One common problem is that a safe-harbor construction exchange will not work if the tax-payer owned the replacement property within 180 days of the start of the exchange. [Rev. Proc. 2004-51.] What if the replacement property is owned by a related party, such as a multi-member LLC that the taxpayer controls? There has been some concern that such an exchange might fail to qualify as a safe-harbor construction exchange because ownership of the replacement property by the related party would be viewed by the IRS as the equivalent of ownership by the taxpayer himself/herself. IRS Private Letter Ruling 201408019, issued February 21, 2014, addressed this precise issue. Continue reading

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IRC §1031 Like-Kind Exchanges and the Mexican Land Trust

By Lee David Medinets, Esq., MCRES General Counsel

Non-Mexicans are not permitted to own land in certain “restricted zones” within Mexico (i.e., within 100 miles of that country’s international borders or within 50 miles of the ocean). Nevertheless, foreigners may own a beneficial interest in land within restricted zones through a fideicomiso or Mexican Land Trust (“MLT”). In order to acquire land through an MLT, the foreign national must first obtain permission from the Mexican Ministry of Foreign Affairs. If permission is granted, then legal title to the land can be held by a Mexican bank as trustee of the MLT, and the foreign national can have all of the benefits and burdens of real estate ownership as a beneficiary of the MLT.

In the recent Rev. Rul. 2013-14 (released June 7, 2013), the IRS determined whether an MLT can be swapped in an IRC § 1031 like-kind exchange. Continue reading

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A Tale of Two Residences

Written by Lee David Medinets, Esq.
General Counsel, MCRES and Senior Counsel for Madison 1031

IRC § 1031 provides an opportunity to defer taxes when like-kind properties are exchanged. In order to qualify, one essential requirement is that both the relinquished property and the replacement property must be “held for productive use in a trade or business or for investment.” Therefore, a common problem in like-kind exchanges is to determine whether a particular residential property is held for investment or for personal use. Two recent U.S. Tax Court cases give a little help in making that distinction. Continue reading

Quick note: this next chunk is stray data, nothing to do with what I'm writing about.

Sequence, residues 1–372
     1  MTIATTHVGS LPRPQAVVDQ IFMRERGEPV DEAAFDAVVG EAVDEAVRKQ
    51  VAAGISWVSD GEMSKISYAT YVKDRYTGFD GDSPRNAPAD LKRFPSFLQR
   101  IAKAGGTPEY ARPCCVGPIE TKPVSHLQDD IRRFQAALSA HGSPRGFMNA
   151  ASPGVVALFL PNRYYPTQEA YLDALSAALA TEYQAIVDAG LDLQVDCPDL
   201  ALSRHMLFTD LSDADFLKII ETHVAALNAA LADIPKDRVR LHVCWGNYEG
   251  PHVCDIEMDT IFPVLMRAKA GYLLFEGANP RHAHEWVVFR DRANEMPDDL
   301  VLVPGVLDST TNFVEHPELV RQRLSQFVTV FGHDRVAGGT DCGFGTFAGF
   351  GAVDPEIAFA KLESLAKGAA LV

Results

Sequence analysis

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A Real Estate Investment Strategy for Replacement Properties was NOT Entitled to Patent Protection

There are numerous strategies in the marketplace for creating “headache free” real estate investments to be used as replacement property in like kind §1031 exchanges. Fort Properties, Inc. challenged the validity of this patent, claiming that AML’s strategy is unpatentable. The U.S. Circuit Court of Appeals for the Federal District agreed. Continue reading

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New York and New Jersey Construction Lien Laws

New Jersey’s notice of settlement law (formerly N.J.S. 46:16A-1 et seq.) has been repealed, revamped and reenacted as N.J.S. 46:26A-11, effective May 1, 2012. The most important changes from the old law are that a notice of settlement is now effective for 60 days, rather than 45 days, and a notice of settlement may now be extended for an additional 60 days. New York, in contrast, has no law that protects buyers or lenders from claims arising between the record date at the time of a pre-closing rundown and the date that closing documents are recorded. Continue reading